Decision on transfer station expected next week



SALISBURY - The Luke-Fitting Advisory Committee will likely make its final recommendation to the Board of Selectmen next Tuesday, Jan. 22, on which site the committee thinks is best suited to build a new Salisbury-Sharon transfer station, Chairman Roderick Lankler said.

At its previous two meetings the panel had discussed the technical merits and drawbacks of the three sites under consideration: the Luke-Fitting properties; the Lee property and the existing site on property owned by The Hotchkiss School on Route 41.

Last week, Anchor Engineering, the firm hired by the town to investigate the sites, told the committee the Hotchkiss site would suffice for a modern transfer station for at least 20 more years. On Nov. 27, Hotchkiss officials made a late offer to the town for a new 50-year lease (effective this year) for the 2.8-acre site rented by the town since 1975 for a dollar a year.

Previously the school had said the current lease, which expires in 2020, was not renewable. The new offer from Hotchkiss would require an annual rent that starts at $15,000 and would be adjusted annually according to the consumer price index.

At a Jan. 15 meeting, committee member Bob Palmer produced a cost-benefit analysis comparing the relative net expense to the towns of Sharon and Salisbury of the acquisition of each site and construction of the facilities. The Hotchkiss site appeared to be the least expensive but it was not clear how much new construction would be permitted by modern state regulations on setbacks from wetlands.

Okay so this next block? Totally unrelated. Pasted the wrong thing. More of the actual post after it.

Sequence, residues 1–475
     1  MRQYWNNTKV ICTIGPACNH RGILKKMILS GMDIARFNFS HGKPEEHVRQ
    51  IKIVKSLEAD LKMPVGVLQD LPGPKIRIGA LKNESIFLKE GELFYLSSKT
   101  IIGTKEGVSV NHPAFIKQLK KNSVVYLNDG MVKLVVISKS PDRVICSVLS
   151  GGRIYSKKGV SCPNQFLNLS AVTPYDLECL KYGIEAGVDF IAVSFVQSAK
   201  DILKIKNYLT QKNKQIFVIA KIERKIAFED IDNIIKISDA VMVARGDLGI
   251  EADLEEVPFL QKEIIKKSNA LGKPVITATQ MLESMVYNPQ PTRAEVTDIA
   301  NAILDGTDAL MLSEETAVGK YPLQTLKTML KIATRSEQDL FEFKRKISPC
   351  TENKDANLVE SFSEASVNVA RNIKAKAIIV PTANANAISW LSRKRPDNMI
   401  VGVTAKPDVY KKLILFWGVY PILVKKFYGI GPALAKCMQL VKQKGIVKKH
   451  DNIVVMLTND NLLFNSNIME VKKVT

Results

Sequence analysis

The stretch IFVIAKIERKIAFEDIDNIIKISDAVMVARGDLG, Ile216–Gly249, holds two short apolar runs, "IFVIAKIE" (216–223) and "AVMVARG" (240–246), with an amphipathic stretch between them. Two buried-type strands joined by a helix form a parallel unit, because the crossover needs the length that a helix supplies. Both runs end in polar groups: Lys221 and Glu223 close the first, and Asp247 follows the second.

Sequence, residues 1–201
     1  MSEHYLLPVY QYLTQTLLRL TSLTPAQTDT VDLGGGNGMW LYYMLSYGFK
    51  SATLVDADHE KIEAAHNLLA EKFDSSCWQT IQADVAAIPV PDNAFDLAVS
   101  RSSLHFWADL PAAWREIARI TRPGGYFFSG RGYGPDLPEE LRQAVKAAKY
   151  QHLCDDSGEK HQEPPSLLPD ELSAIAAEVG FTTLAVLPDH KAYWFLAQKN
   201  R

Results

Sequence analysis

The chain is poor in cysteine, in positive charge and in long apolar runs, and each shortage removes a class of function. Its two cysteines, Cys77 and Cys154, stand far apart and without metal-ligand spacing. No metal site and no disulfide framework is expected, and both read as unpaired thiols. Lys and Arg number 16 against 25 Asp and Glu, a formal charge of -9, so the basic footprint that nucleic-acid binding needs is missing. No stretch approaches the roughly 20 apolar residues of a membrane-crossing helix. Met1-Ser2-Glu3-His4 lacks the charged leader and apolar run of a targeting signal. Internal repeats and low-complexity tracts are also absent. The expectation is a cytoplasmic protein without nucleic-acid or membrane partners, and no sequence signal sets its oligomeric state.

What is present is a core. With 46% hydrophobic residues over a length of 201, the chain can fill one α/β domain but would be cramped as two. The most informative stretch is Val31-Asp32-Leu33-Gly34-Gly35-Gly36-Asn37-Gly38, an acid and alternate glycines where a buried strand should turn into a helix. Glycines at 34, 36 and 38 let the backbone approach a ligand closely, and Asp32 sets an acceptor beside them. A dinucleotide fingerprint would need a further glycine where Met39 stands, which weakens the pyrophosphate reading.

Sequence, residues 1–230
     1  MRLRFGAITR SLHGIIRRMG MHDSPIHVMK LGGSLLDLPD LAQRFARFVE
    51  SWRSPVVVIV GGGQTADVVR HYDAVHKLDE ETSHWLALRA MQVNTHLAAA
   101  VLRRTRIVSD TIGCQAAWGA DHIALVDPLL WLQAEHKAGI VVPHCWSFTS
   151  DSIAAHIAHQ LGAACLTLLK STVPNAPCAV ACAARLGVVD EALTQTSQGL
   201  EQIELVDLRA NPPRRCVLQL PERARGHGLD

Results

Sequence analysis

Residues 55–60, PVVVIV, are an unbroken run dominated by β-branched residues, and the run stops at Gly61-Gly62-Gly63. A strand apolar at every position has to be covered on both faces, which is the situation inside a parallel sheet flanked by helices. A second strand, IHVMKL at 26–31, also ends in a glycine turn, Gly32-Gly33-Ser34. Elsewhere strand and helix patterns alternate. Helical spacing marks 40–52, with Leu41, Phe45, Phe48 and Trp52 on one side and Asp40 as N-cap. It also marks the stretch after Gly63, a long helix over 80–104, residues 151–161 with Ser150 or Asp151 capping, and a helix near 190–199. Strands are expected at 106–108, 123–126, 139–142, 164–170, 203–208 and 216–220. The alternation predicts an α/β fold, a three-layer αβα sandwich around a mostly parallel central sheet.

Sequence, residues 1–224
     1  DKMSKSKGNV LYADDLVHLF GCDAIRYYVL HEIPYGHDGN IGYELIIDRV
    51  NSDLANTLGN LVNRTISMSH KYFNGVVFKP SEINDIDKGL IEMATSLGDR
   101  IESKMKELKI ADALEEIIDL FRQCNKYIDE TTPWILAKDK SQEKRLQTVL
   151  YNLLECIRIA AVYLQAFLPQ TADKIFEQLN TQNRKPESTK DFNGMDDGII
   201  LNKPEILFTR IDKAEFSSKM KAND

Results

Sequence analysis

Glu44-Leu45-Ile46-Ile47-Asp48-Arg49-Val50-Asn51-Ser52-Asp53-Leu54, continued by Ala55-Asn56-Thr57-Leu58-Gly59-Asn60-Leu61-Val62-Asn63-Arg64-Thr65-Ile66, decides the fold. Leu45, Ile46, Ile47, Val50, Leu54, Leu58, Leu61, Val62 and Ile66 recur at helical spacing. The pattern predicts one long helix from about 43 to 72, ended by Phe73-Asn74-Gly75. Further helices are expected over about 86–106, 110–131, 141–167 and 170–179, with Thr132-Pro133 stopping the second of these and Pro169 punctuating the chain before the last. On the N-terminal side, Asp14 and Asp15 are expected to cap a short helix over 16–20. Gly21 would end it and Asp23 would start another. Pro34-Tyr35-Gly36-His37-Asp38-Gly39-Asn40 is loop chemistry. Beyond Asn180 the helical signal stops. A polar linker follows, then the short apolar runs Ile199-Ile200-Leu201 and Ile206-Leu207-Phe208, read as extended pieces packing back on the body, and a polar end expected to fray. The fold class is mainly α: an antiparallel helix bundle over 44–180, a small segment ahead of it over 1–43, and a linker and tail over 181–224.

Some of the equipment and outbuildings at the Hotchkiss site, while currently grandfathered, are assumed to be within the 100-foot zone regulated by the state Department of Environmental Protection. And Anchor has said changing state regulations on transfer stations could render the Hotchkiss site too small within 20 years.

In addition, Salisbury Comptroller Joe Cleaveland had prepared a financial analysis projecting the expected cost to the town of renting the Hotchkiss site for 50 years. Assuming a modest inflation rate of 3.1 percent, the annual rent would rise to $31,210 by the 25th year and to almost $70,000 by the end of the lease in 2058. The total spent on the lease would be $1,742,835.

By comparison, the outright acquisition of the Luke-Fitting properties, which the town has an option to buy and which the committee had recommended before the Hotchkiss offer, would cost $2 million. Station construction could occur on the Luke-Fitting property while the two towns continued to use the Hotchkiss site. Anchor has said simultaneous construction and use of the Hotchkiss site would be possible, but would require traffic, phasing and interim operations plans.

The next meeting of the committee will be Tuesday, Jan. 22, at 5:30 p.m.



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